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Schumer on White House meeting. TRANSCRIPT: 5/22/19, The Rachel Maddow Show.

Guests: Chuck Schumer, Jim Himes

RACHEL MADDOW, MSNBC HOST:  Good evening, Chris.  Thanks, my friend.  Much appreciated. 

CHRIS HAYES, MSNBC HOST:  You bet.  Absolutely. 

MADDOW:  Thanks to you at home for joining us this hour.  Very happy to have you with us. 

So, today was the day that a larger dynamic suddenly became very clear.  But today I think was the culmination of something that started to happen a few days ago.  A little bit under two weeks ago.  The first sort of crack in the dam is something that we saw just less than two weeks ago.  It actually feels like a year ago now. 

But it was May 9th, which is less than two weeks ago, and that was the first one.  That was when the president and the Trump administration more broadly started losing these battles that they have been waging now for a while to try to lock down everything, to try to lock down every witness, every document, every source of information about the president, to lock down everything in the wake of the Mueller investigation, to block anything from coming out. 

The first crack in the dam, the first one that they lost was when the judge in the ongoing Roger Stone case issued an order commanding the Justice Department to take out the redactions from the Mueller report that pertain to the case against Roger Stone.  The judge ordered that the Justice Department had to take out the redactions about the Stone case, also about the dissemination of documents stolen by the Russians during the Trump campaign.  Also about the potential involvement of the Trump campaign with the entities that were feeding those materials out to the public to benefit Trump`s campaign. 

The judge in the Roger Stone case less than two weeks ago ordered the Justice Department to unredact all the material in Mueller`s report on those topics, and she told the Justice Department that they needed to show her that unredacted material. 

I really think that was the first crack in the dam.  I mean, the attorney general saying, no, they won`t release the redacted parts of the Mueller report, no way, no how.  Oh, wait, a court order from a federal judge?  Well, yes, ma`am, right away, here you go, right?  That was the first one.  That was May 9th.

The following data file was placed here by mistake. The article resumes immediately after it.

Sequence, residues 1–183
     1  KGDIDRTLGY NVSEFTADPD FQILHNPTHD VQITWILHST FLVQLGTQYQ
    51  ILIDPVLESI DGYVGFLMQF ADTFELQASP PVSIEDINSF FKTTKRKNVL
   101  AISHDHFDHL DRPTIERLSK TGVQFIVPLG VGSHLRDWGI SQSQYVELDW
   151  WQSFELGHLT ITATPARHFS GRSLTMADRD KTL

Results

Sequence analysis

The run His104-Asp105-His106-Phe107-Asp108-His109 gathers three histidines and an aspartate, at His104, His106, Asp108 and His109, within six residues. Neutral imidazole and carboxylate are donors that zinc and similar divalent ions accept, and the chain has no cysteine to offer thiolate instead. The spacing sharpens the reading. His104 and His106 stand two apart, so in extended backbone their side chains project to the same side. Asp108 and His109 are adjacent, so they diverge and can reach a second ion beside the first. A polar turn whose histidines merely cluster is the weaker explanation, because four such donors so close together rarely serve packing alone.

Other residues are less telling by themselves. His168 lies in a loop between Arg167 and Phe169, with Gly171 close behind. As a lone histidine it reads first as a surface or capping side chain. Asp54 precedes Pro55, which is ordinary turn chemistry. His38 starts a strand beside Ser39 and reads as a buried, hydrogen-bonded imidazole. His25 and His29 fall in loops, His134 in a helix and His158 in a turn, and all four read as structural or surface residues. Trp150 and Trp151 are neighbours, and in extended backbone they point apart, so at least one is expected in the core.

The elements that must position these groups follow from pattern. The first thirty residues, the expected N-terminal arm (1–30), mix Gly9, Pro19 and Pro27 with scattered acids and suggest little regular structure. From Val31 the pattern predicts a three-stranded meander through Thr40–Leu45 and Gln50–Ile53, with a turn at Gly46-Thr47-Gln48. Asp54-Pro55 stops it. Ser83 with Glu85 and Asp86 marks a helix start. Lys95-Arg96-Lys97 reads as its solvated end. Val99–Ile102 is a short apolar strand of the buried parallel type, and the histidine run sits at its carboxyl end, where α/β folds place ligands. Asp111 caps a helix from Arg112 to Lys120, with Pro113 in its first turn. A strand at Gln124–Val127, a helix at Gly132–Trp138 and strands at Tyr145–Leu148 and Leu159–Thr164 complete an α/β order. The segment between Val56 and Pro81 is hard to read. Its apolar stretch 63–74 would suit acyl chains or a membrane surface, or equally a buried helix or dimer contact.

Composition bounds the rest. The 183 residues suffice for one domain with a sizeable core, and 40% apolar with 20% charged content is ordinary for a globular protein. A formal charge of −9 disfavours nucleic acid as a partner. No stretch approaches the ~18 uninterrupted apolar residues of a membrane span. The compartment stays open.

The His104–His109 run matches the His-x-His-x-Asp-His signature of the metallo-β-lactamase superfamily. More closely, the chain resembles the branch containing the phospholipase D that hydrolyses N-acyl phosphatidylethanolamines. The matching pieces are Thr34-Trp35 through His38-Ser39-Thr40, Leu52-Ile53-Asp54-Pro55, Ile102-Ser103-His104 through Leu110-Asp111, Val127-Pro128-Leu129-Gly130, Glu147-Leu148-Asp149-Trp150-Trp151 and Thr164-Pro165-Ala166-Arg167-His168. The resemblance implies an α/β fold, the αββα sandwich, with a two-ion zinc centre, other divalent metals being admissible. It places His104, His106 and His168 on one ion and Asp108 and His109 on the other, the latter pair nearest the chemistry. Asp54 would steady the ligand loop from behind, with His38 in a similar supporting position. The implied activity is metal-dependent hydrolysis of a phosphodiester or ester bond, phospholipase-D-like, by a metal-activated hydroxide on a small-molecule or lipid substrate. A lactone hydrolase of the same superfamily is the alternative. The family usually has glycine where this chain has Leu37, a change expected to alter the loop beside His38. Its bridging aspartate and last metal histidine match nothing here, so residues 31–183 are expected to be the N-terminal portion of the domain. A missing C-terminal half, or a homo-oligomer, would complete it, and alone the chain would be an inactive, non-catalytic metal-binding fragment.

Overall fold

Then we got the next one.  Another federal judge.  This one was late last week.  The judge in the Michael Flynn case ruled that the Justice Department also has to unredact the parts of the Mueller report that have to do with Mike Flynn. 

And in that instance, the judge in the Mike Flynn case, he doesn`t just want to see the unredacted Mueller report himself, he actually ordered the Justice Department to release that material to the public.  So by the end of next week, despite the attorney general saying no, no, no, he won`t release the redacted parts of the Mueller report, no way, no how, by the end of next week, per federal order, those redactions are going to be taken out and we the public will get access to that part of the report, hole and uncensored by order of a federal judge. 

And then just today we got the next crack in the dam as the Justice Department caved just a little and agreed that despite their earlier stonewalling, now they will go ahead and they will release intelligence information and counterintelligence information that was turned up by investigators in the course of his probe.  The Intelligence Committee in the House has frankly been entitled to this information all along.  They should have been given this information as what matter of course, but in the end it took a subpoena, which the attorney general first tried just defying, just not responding to that subpoena. 

Then the intelligence committee scheduled a vote to hold the attorney general in contempt for defying that subpoena, and finally, that apparently was enough.  The department caved and agreed they would start handing that stuff over, which just goes to show you, you don`t always win when you decide to fight these battles, but you definitely can`t win unless you do fight.  And sometimes when you do fight, you do end up winning. 

So, the redacted parts of the Mueller report, the attorney general said no, no, no way, but those are starting to come out.  The underlying materials for the Mueller report, the attorney general also said no, no, no way.  But those are starting to be handed over too.  Then we got another crack in the dam in another part of the Trump administration. 

This happened last night when someone leaked to "The Washington Post" the internal legal guidance that had been prepared at the IRS, making sure that the IRS itself knows that under law it must hand over President Trump`s tax returns to the ways and means committee.  The IRS` own legal analysis says this is not a discretionary thing.  This is not a judgment call for the treasury secretary or for anyone else.  There is no wiggle room here.  This is mandatory. 

And the leak of that internal IRS legal memo last night to "The Washington Post," that has not yet resulted in the IRS actually handing over the president`s tax returns, as required by law, but the IRS and the Treasury Department are now defying a subpoena to hand over those tax returns.  That means their defiance of that subpoena will soon land them in court.  It will not help them in court that the agency itself turns out to have put in writing that they know they need to hand over those tax returns. 

I mean, incidentally, it will not help them that there are people inside the IRS who are willing to provide that kind of utterly damning material to reporters in order to blow the whistle on their own bosses.